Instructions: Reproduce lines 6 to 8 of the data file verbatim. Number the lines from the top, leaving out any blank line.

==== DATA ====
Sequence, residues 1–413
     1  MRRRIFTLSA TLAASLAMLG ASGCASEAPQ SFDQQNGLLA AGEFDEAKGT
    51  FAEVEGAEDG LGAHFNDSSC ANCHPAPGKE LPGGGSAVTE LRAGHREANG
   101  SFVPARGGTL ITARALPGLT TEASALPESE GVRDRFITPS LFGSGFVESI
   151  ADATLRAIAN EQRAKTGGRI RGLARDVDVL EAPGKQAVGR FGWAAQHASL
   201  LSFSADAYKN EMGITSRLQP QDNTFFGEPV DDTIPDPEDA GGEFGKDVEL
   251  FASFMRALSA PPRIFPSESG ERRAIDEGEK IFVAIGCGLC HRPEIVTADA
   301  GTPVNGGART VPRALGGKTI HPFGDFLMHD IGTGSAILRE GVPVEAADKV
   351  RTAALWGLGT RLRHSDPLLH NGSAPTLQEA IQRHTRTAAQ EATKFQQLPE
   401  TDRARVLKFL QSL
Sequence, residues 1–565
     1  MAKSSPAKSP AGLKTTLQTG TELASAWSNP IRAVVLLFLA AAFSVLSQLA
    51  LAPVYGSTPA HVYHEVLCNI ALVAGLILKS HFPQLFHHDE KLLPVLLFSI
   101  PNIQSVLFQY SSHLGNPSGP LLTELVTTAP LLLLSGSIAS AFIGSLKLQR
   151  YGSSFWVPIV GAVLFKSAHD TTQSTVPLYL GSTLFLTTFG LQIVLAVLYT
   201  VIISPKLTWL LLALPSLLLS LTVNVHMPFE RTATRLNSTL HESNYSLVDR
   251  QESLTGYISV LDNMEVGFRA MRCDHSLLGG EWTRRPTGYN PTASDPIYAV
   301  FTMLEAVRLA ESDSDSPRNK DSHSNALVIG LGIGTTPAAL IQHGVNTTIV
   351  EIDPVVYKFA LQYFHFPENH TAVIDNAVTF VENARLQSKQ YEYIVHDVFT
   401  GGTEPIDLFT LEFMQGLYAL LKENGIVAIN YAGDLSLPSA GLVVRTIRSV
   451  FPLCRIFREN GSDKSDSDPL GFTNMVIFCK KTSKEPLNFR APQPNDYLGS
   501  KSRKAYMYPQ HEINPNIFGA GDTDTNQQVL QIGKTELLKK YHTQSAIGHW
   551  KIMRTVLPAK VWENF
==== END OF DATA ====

   201  LSFSADAYKN EMGITSRLQP QDNTFFGEPV DDTIPDPEDA GGEFGKDVEL
   251  FASFMRALSA PPRIFPSESG ERRAIDEGEK IFVAIGCGLC HRPEIVTADA
   301  GTPVNGGART VPRALGGKTI HPFGDFLMHD IGTGSAILRE GVPVEAADKV